Most business owners think if their business partner files bankruptcy, they aren’t affected. The partner was supposed to shoulder 50% of the business risk, and his personal guaranty is meant to support 50% of the outstanding loan balance, right? Wrong.
When creating a business with a partner, few entrepreneurs truly understand how that act intertwines the financial positions of both partners, especially when debt is involved. No one ever thinks about this at the formation of the partnership or while the business is doing well, but what happens if things go south? Can your partner’s personal bankruptcy affect your business partnership?
Many owners create their company, establish partnerships, obtain a loan and enter the market without further thought. They believe that simply incorporating their business protects them from liability. Furthermore, because the company bylaws state that losses are shared among partners, they assume the risks are proportionate. While incorporating your business does limit some of your liability, and a good operating agreement helps to mitigate risk, the consequences of filing personal bankruptcy are far too often overlooked, as are plans for how to handle the debt if this occurs.
A common misconception is that if both partners guarantee a loan and then one partner files bankruptcy, the other partner shouldn’t be affected. That insolvent partner was supposed to shoulder 50% of the business risk, and his personal guaranty is meant to support 50% of the outstanding loan balance, right? Wrong.
In the world of SBA loans and most other commercial loans, the personal guarantors are “individually and severally liable.” What that means is that each guarantor has guaranteed the entire outstanding loan balance, regardless of the other party. So if your business partner files personal bankruptcy, the likely outcome is that her personal guaranty will be discharged (assuming she has no assets). This leaves you as the sole guarantor for the entire outstanding balance.
In other words, if you have a $500,000 business loan with your partner, you are each responsible for $500,000, as opposed to merely being responsible for $250,000. Your partner might pay $1,000 of the loan while you pay $499,000 of it. The banks don’t care about your partnership, they just want to see the loan repaid by someone.
So what can you do if you find yourself in this situation? Here are your best options.
Stay in Business and Be Profitable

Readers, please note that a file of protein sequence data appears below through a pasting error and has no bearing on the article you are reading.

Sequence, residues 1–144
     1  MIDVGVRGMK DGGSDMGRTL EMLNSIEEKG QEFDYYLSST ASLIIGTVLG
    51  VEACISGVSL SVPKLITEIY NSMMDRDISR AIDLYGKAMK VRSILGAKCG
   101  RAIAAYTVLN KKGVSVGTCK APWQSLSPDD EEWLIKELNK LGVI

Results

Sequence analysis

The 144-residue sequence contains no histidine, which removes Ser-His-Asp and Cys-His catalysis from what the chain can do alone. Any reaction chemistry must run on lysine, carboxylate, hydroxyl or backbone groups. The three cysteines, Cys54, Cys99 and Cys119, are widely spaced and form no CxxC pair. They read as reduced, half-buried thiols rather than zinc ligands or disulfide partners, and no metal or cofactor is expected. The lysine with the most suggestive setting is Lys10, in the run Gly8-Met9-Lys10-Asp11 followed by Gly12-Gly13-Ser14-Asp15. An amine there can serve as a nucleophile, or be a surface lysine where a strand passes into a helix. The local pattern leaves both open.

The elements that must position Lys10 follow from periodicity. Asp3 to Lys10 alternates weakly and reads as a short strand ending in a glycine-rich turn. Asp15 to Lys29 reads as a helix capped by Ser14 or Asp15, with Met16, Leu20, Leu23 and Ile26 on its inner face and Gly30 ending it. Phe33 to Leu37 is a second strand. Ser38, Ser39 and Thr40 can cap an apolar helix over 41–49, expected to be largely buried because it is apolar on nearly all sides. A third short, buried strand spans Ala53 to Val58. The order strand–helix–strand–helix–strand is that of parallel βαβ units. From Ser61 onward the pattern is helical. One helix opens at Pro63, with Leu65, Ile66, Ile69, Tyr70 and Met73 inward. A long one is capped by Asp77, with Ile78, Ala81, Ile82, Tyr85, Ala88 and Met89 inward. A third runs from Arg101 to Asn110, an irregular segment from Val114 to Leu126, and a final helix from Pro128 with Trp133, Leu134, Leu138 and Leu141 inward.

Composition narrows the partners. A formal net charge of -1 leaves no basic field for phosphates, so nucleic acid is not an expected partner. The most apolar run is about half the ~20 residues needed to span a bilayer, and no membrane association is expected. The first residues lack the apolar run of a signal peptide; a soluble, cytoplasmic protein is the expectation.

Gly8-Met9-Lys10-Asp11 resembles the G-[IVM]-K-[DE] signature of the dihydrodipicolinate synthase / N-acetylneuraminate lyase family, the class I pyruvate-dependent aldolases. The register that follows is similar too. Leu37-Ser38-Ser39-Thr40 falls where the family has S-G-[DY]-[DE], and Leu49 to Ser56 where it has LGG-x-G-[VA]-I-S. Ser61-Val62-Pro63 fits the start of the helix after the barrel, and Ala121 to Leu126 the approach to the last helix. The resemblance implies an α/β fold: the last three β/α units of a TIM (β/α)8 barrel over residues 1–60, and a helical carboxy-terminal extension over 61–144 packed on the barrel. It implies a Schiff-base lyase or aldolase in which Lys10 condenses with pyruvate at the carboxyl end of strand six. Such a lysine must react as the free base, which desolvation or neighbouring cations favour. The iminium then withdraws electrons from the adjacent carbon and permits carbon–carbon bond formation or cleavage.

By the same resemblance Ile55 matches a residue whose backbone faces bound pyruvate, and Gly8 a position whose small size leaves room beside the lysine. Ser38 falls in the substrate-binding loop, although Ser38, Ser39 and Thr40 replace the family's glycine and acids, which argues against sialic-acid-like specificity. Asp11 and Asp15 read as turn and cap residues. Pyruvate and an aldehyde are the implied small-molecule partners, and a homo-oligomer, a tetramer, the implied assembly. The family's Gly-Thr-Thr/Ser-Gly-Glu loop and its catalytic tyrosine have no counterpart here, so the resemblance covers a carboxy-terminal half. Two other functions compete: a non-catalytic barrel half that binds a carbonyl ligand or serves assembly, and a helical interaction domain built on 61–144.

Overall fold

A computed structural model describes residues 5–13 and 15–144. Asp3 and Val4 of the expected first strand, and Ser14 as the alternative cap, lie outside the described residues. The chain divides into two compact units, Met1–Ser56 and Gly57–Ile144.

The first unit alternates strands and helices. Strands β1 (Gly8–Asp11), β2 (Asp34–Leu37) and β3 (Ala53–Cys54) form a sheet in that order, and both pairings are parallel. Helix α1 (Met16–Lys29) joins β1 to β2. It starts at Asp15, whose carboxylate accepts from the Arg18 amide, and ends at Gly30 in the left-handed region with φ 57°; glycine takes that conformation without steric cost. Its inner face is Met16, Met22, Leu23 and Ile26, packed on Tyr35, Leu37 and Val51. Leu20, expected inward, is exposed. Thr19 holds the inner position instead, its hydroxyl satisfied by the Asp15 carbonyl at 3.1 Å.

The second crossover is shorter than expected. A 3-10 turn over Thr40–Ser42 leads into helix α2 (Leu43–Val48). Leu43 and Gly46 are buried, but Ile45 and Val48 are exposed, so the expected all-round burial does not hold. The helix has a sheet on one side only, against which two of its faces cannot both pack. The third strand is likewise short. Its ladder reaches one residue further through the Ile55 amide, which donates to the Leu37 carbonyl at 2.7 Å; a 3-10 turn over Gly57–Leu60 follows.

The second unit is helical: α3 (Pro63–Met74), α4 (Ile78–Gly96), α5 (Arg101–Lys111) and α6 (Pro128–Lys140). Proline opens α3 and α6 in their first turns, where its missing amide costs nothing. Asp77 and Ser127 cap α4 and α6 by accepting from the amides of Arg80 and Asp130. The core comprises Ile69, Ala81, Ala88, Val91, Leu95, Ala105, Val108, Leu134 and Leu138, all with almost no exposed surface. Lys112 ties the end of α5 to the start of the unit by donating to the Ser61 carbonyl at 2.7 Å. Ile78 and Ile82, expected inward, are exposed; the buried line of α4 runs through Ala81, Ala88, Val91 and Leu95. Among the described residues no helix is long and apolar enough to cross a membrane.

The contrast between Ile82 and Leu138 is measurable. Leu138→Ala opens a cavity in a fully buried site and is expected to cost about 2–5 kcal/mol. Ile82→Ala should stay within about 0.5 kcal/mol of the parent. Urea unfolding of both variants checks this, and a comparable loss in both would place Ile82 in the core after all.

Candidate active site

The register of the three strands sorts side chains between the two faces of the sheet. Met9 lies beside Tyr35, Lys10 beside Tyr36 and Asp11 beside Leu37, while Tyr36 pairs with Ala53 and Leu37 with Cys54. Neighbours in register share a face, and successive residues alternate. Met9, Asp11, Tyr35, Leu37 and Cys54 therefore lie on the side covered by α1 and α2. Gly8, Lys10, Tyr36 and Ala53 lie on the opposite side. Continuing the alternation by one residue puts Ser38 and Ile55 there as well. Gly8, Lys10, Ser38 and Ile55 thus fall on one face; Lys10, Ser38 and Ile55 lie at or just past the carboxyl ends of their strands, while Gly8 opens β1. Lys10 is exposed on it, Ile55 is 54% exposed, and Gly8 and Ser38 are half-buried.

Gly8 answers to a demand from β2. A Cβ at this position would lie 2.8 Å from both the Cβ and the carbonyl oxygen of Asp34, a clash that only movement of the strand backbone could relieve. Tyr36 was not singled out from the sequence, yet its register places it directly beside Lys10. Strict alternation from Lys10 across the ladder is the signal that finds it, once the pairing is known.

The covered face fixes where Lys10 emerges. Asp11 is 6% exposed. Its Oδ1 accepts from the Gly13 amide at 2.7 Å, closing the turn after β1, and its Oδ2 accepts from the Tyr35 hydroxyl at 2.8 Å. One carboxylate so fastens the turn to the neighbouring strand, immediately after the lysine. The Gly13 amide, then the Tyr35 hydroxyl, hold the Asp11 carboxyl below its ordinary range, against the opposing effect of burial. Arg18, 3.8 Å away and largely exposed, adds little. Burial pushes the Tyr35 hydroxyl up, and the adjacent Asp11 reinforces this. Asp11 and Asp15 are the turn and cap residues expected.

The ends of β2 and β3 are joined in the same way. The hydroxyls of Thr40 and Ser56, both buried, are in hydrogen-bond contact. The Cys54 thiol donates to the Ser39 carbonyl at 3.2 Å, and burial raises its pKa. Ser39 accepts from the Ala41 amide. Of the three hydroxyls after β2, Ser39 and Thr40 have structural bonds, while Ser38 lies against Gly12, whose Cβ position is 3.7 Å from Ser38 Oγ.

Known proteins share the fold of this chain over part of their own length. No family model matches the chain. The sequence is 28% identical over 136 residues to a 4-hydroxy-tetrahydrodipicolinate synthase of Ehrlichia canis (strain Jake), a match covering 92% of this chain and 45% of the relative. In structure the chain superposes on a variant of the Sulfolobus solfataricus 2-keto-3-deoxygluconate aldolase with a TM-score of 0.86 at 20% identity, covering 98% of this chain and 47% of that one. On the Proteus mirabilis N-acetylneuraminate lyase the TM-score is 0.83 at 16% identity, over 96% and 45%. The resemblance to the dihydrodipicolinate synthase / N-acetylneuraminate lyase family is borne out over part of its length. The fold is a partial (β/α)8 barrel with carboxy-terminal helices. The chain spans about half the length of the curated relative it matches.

A personal bankruptcy filing of one business partner does not need to affect the ongoing operations of the business. It typically only affects the individual and his “stock” or “interest value” in the entity. In most scenarios, his bankruptcy won’t reach the company assets. So if your business is performing profitably, it has the potential to make the note payments as originally agreed.
Nonetheless, you should check your loan documents, as some loans state that a guarantor filing for bankruptcy protection is an act of default. If that is the case, the remainder of the loan may be demanded right after your partner’s bankruptcy proceedings conclude. In this event, try one of the following solutions.
Buy Out Your Partner
When your partner files for bankruptcy, her 50% ownership in the company is considered an asset to the bankruptcy estate. But a 50% equity position in a privately held company is hard to sell; there just is no market for it—unless yours is a very large company. Therefore, the only logical buyer is you. This is an excellent opportunity to buy out your partner affordably and get him out of the business cleanly.
Request a Loan Modification
If your business is profitable, you can apply for a loan modification. This will change the terms and conditions of the loan, allowing you to avoid defaulting and removing your partner from the loan altogether.
Pursue a Debt Workout
If your business is struggling to honor its debt payments or is in default at the time of your partner’s bankruptcy filing, our business debt elimination services can help strip the debt from your company as well as allowing you to settle your outstanding personal guaranties.
If you’re unable to honor your debt payments and are not a suitable candidate for a debt workout, you can file bankruptcy and wind down the company. The business will get liquidated, and your personal guaranties will be discharged (assuming you have no assets). However, before filing bankruptcy, it is advised that you meet with a local bankruptcy attorney to assess the risks of bankruptcy. Filing for bankruptcy may result in the loss of some or all of your personal assets.
In short, if your business partner files bankruptcy, she has left you responsible for all of what remains on your business loan. Your personal guaranty and the business collateral are now all that remain to secure the outstanding loan balance.
Remember, no one plans to file bankruptcy. When starting a partnership, it is impossible to account for all possibilities that may result in one or more of the partners filing for personal bankruptcy protection. Personal credit card debt, medical bills, underwater real estate and divorce are all possible reasons for someone to file bankruptcy—and none of them have to do with the ongoing relationship you and your partner have. Understanding this as well as your options can allow you to create a plan that ensures your survival and the protection of your business and personal assets.